Livern Barrett, Senior Gleaner Writer
GAMING LOUNGES and fast food restaurants, which the police say have become hang out spots for students during school hours, have now landed in the cross-hairs of tough-talking Senior Superintendent Radcliffe Lewis.
Lewis, who is the head of the Police Traffic Division, said he has received complaints indicating that students have shifted their "lewd behaviour" to some of these business places, especially in downtown Kingston and Half-Way Tree, St Andrew.
He said the police plan to meet with these business operators to warn them that they will will be prosecuted if they continue to allow students to hang out in their business places, especially while they are in uniform.
SSP Lewis said his office will also be holding discussions with the director of public prosecutions to determine what charges can be brought against businesses that fail to comply.
Students found loitering in any business place during or after school hours will be taken to the Elletson Road Police Station and their parents summoned.
According to Lewis, they will be warned and released to their parents after a note is made in the station's juvenile-caution register.
Guidance for students
He made it clear that the initiative was being undertaken by his division to help provide students with some form of guidance.
"These youngsters just want some guidance and for somebody to monitor them in the right way, because they are the future prime ministers, lawyers and doctors, so we have to protect them," he told The Gleaner on Monday.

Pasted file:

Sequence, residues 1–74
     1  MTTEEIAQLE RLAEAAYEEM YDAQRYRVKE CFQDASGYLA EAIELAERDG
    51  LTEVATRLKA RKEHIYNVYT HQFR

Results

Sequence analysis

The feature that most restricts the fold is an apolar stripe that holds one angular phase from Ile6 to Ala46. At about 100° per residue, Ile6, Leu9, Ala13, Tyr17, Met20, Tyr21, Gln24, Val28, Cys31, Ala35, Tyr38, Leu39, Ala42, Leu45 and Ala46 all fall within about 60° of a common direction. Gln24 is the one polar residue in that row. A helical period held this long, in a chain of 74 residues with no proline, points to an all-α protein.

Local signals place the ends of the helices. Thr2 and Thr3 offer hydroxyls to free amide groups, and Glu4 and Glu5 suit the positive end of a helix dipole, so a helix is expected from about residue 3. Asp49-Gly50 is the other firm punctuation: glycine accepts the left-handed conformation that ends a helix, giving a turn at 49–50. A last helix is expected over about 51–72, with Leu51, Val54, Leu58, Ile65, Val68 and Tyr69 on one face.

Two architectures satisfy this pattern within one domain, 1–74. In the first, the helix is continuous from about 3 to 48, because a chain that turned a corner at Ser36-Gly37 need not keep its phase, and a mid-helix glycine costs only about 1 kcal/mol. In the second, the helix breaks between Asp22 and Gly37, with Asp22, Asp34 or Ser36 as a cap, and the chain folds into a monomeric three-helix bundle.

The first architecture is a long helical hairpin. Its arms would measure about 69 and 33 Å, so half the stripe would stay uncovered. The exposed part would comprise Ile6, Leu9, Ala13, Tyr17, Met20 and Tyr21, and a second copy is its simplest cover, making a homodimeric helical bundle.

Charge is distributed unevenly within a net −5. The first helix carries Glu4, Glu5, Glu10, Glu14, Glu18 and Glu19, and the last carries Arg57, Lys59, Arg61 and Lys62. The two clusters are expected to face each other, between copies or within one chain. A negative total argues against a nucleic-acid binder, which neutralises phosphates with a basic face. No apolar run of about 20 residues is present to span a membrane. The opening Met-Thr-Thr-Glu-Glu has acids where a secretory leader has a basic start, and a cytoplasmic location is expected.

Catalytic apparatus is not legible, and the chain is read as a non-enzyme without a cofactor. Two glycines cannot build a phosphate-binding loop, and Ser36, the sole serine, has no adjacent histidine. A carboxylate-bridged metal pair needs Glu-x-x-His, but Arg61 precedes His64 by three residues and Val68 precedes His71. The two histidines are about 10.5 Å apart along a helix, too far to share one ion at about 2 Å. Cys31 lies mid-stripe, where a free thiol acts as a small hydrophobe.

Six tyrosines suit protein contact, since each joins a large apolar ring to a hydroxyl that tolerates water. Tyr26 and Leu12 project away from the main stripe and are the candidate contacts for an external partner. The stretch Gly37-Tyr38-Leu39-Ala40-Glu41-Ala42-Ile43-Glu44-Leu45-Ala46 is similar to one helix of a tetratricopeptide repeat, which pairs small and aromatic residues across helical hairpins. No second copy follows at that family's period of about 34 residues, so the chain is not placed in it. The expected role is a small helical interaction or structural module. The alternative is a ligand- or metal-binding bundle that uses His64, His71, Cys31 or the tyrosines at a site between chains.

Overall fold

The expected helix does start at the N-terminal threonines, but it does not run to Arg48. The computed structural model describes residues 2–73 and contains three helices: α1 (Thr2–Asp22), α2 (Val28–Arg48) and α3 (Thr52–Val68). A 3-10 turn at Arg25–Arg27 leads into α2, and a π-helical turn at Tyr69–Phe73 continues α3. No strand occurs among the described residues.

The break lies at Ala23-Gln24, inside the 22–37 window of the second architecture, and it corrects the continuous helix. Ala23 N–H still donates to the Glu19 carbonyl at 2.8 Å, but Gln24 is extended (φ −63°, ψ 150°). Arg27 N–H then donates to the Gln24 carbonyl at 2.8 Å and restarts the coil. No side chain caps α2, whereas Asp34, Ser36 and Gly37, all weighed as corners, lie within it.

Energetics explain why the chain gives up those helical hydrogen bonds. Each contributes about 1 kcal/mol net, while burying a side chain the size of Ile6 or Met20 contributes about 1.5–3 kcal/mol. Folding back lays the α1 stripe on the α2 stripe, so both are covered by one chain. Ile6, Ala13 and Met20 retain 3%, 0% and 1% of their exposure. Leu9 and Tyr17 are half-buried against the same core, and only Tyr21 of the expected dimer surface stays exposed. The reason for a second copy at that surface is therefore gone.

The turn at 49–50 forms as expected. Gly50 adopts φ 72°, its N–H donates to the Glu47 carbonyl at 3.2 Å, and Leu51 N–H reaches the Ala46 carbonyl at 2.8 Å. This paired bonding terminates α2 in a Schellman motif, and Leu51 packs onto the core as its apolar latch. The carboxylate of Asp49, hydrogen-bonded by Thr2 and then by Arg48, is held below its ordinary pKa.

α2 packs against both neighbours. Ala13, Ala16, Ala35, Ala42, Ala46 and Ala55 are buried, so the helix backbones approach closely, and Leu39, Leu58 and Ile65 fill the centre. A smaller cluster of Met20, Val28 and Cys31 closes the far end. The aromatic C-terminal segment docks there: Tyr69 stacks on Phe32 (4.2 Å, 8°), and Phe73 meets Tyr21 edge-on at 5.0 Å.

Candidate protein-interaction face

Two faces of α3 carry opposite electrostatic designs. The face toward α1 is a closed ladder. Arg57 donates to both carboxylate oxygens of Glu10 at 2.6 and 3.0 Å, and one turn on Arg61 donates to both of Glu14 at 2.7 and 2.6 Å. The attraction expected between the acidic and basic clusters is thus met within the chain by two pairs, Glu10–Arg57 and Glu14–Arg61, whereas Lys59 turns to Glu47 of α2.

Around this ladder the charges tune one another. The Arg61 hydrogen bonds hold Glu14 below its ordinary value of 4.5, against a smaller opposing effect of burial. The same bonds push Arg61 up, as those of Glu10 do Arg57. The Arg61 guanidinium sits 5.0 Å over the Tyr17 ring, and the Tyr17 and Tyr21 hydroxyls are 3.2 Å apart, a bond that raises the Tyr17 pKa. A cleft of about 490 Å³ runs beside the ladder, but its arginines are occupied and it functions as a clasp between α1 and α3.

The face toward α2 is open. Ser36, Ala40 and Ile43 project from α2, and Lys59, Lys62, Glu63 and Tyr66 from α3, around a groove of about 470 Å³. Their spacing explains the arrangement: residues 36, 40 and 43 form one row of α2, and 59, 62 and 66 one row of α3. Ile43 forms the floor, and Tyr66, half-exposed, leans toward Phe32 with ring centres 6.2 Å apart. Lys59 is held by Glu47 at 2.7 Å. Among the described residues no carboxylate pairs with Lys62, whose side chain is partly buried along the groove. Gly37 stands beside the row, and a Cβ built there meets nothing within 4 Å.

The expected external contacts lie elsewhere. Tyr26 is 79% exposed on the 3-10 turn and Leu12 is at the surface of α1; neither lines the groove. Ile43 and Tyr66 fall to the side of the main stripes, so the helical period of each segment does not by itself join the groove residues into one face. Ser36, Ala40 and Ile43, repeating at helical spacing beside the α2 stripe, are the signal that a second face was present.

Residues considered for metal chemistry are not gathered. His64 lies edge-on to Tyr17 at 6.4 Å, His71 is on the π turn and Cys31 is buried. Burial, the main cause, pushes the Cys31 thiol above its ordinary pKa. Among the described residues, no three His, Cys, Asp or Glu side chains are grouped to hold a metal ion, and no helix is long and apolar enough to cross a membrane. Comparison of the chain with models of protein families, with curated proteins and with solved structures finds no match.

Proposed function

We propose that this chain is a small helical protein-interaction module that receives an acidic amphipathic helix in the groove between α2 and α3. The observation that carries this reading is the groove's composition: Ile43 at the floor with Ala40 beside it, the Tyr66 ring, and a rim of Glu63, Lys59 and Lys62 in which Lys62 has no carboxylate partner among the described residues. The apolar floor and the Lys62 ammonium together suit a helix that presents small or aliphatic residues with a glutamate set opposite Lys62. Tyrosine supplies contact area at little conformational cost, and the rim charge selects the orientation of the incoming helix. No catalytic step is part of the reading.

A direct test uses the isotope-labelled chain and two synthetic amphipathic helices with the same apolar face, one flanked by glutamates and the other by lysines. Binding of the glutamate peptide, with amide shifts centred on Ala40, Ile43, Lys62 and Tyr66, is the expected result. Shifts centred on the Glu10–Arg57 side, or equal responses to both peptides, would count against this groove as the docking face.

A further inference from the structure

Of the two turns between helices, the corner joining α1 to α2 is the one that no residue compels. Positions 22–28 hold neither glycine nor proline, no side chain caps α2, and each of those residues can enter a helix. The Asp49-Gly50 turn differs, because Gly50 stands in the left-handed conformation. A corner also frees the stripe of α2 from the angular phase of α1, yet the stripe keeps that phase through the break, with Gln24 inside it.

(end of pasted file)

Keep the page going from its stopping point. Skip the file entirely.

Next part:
This clampdown on students will form part of the Traffic Division's overall push to streamline the operations of public passenger vehicles and the use of public spaces in the Corporate Area.
On Monday, the police, along with personnel from the Transport Authority, fanned out across the Corporate Area to crack down on illegal taxis and buses with tints darker than what is legally allowed.
By midday, Lewis said 20 persons were prosecuted for operating contrary to their road licences and bus operators had their licence plates removed because their tints were too dark.
The crackdown on the heavily tinted buses, which came on the first day of the new school year, is part of an attempt to bring an end to the lewd activities that reportedly takes place on some public-passenger vehicles.
"This is not going to be a one-day initiative. This started four months ago and was only intensified this (yesterday) morning, but it is not going to be a one-day initiative," he insisted.